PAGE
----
South Korea says it will never accept rival North Korea as a nuclear-weapons state. But there appears to be no international consensus on how to prevent that.
Speaking Tuesday in Seoul, South Korean Foreign Minister Yun Byung-se characterized Pyongyang's recent belligerent threats as more diverse, frequent and intense than previously seen.
He told a forum organized by the JoongAng
newspaper and the Washington-based Center for Strategic and International Studies
(CSIS) North Korea is engaged in an unprecedented level of “psychological warfare.”
But he added that, despite this, President Park Geun-hye will continue the process of trust-building, which should neither be interpreted as appeasement nor intended to undermine the North Korean leadership.
The foreign minister also cautions that there are limits to what the South will accept.
"To safeguard peace we'll never allow a nuclear-armed North Korea and [will] make sure there is a corresponding price for North Korea's provocations," he said.
Speaking earlier to the same group, former U.S. senator Richard Lugar described the North Korean threat as “global in nature” and not one that should “be defined merely by the range of its missiles.”
The retired chairman of the Senate Foreign Relations Committee warns that the Obama administration's policy of “strategic patience” towards Pyongyang cannot continue to be applied indefinitely.
"If it is, strategic patience becomes little more than a policy justification for avoiding the problem and the potential political consequences of making a mistake," he said. "The Obama administration should be sober about what can be accomplished in the short run, but it must be willing to consider a wider range of strategies, even if they carry some risk."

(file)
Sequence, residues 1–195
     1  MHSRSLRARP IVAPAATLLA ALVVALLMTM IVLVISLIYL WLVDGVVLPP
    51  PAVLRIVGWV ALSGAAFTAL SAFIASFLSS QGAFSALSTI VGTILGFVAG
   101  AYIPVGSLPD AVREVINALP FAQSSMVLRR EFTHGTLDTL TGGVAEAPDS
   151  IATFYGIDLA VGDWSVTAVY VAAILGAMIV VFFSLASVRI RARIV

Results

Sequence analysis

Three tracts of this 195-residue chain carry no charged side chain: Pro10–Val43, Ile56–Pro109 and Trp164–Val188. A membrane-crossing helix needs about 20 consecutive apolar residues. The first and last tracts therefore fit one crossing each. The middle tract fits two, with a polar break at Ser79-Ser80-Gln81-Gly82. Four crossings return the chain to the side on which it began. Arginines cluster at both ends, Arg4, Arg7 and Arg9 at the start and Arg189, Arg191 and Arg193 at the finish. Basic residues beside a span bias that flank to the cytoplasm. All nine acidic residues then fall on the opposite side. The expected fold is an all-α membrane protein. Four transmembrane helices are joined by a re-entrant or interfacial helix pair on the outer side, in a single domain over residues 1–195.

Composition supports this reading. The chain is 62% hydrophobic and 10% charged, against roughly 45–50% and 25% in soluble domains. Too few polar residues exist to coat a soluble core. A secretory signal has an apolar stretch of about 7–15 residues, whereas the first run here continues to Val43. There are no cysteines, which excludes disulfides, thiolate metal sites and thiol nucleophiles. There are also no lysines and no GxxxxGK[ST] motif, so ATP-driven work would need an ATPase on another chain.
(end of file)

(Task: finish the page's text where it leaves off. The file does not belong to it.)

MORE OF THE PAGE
The former senator suggests that responsible leaders take fresh measures to constrain the illicit activities of North Korean trading companies functioning as what he calls “conduits for nuclear proliferation and the dissemination of weapons technology.”
Michael Green, former senior director of Asia on the U.S. National Security Council, is pessimistic further sanctions will fundamentally change the mind of North Korea's current leader, Kim Jong Un, because the essence of the Pyongyang government, as he puts it, is a hybrid Stalinist theocracy and a criminal enterprise.
"But with the emphasis on the theocracy being the main source of legitimacy for Kim Jong Un. For precisely that reason it, in my view, could collapse at any time. That makes it, in the long run, quite vulnerable," he said.
Green's CSIS colleague, Victor Cha, also a former Asian policy director at the National Security Council, says preparations must be made for instability in North Korea. Cha contends Pyongyang's decision-makers have "boxed themselves into a corner from which they cannot escape."
"The best scenario is that they continue to rattle the cages, but they don't do anything that might kill people or hurt people. But I'm not so certain that they'll stay in that corner forever and simply shout harmlessly and not do anything that's provocative," he said.
Another former U.S. official told the same gathering that Pyongyang must be given a stark choice. Richard Armitage, who served as U.S. deputy secretary of state from 2001 until 2005, suggests telling North Korea it has to choose between its weapons of mass destruction or regime change.
North Korea is believed to have a small arsenal of nuclear weapons and is developing ballistic missiles that might deliver such bombs a long distance.
It recently vowed a nuclear attack on the United States - a threat which most analysts do not consider viable.
The heightened bellicose rhetoric came amid the North's latest underground nuclear and long-range missile tests, actions banned under United Nations Security Council sanctions.
Since Saturday, North Korea has fired six short-range projectiles into the sea off its east coast. Both Seoul and Washington say the latest firings do not appear to violate Pyongyang's international obligations.